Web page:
How Texas became the hottest grid battery market in the country

On the warm spring night of April 28, Houston had a problem.

Denizens of the most populous region in Texas were cranking up air conditioning to beat the early burst of summery heat. Texas’ nation-leading solar fleet had wound down for the night, passing the baton to the nation’s largest fleet of fossil-fuel-burning plants to keep all those air conditioners going. Gas and coal plants were pumping out 40 gigawatts of power — but another 27 gigawatts of thermal plants were offline, undergoing maintenance ahead of the bustling summer season.

That scheduled maintenance exposed a vulnerability in the gas fleet, which politicians in Texas and elsewhere frequently tout as being unfailingly dependable. ​“They’re reliable when they’re on and they have fuel, which is not always the case,” noted Joshua Rhodes, an energy researcher at the University of Texas at Austin.

That unlucky mix of unseasonable warmth and power plant maintenance threatened the supply of power for the 26 million customers hooked up to the state’s uniquely isolated grid, which is run by the Electric Reliability Council of Texas, or ERCOT.

Fortunately, the grid operator had a new tool it could fire off in an instant.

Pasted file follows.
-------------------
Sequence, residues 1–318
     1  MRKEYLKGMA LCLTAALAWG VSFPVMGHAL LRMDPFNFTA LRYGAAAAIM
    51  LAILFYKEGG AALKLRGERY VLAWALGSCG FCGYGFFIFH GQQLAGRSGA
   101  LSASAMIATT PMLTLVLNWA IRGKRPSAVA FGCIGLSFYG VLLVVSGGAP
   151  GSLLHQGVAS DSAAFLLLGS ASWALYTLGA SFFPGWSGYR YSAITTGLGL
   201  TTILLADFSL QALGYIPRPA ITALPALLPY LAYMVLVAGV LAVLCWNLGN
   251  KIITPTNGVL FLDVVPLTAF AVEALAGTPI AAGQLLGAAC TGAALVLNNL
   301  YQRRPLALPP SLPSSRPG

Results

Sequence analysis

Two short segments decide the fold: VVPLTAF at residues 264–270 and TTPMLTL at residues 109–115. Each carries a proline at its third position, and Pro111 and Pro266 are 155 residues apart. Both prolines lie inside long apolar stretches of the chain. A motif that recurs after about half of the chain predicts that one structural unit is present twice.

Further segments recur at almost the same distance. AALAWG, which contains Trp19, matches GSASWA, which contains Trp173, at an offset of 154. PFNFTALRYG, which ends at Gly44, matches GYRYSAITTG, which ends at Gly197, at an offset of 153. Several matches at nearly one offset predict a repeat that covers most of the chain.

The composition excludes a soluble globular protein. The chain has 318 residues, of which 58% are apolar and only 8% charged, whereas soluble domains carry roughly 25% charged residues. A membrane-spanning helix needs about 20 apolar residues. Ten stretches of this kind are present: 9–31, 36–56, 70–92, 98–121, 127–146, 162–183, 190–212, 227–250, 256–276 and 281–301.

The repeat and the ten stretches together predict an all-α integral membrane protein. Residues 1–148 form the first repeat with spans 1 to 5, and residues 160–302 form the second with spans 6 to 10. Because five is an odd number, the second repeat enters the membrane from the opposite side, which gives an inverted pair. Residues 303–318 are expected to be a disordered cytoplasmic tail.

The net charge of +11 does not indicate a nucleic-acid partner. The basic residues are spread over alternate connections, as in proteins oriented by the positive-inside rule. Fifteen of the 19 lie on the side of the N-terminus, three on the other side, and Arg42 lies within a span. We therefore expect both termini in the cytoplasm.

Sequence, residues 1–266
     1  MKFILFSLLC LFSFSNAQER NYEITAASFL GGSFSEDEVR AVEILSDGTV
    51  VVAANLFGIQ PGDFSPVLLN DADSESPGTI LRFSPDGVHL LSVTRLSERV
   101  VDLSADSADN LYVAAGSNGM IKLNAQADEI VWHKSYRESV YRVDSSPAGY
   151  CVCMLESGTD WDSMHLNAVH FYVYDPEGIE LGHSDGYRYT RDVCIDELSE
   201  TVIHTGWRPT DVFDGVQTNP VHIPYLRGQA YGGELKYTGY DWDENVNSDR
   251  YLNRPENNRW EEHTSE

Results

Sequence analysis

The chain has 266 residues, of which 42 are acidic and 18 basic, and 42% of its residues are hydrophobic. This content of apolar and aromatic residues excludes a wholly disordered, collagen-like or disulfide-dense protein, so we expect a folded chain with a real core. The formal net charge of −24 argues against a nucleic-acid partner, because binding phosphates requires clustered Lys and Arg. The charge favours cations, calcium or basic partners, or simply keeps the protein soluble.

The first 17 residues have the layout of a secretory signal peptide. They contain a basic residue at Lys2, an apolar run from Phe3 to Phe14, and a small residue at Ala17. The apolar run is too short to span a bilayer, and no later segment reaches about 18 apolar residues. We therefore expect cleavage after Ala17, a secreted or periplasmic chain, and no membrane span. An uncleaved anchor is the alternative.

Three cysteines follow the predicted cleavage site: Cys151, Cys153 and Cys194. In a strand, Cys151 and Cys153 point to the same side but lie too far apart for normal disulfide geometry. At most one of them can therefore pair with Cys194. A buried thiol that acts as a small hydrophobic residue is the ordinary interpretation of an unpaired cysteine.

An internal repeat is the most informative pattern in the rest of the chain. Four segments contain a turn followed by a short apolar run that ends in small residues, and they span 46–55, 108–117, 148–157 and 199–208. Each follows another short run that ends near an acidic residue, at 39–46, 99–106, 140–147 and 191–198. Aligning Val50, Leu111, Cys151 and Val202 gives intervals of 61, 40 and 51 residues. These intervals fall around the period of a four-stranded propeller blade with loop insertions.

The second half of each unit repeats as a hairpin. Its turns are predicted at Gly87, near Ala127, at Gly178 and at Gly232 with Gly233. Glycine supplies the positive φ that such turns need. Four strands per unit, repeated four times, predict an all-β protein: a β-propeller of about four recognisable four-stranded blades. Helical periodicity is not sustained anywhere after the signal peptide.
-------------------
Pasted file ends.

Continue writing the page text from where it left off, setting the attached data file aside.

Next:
Enormous, digitally controlled batteries across the Lone Star State rapidly injected 2 gigawatts of power into ERCOT’s wires just before 8 p.m., staving off potential power shortfalls and lowering electricity costs for customers.

Aaron Zubaty, CEO of Eolian Power, was watching these events closely. His company owns and operates some of the biggest batteries in Texas, and he saw April 28 as a test for the ascendant Texas energy storage industry.

“This was the largest instantaneous amount of energy storage deployed to date in the Texas market, but nevertheless is a record that will be substantially exceeded this summer as more energy storage capacity is commissioned in the coming months,” he noted at the time.

It didn’t take long for that prediction to come true. On May 8, evening demand was climbing and conventional power plants totaling nearly 22 gigawatts of capacity were offline. Just before 8 p.m., the batteries surged more than 3 gigawatts onto the wires, beating the April 28 record by 50 percent.emphasized text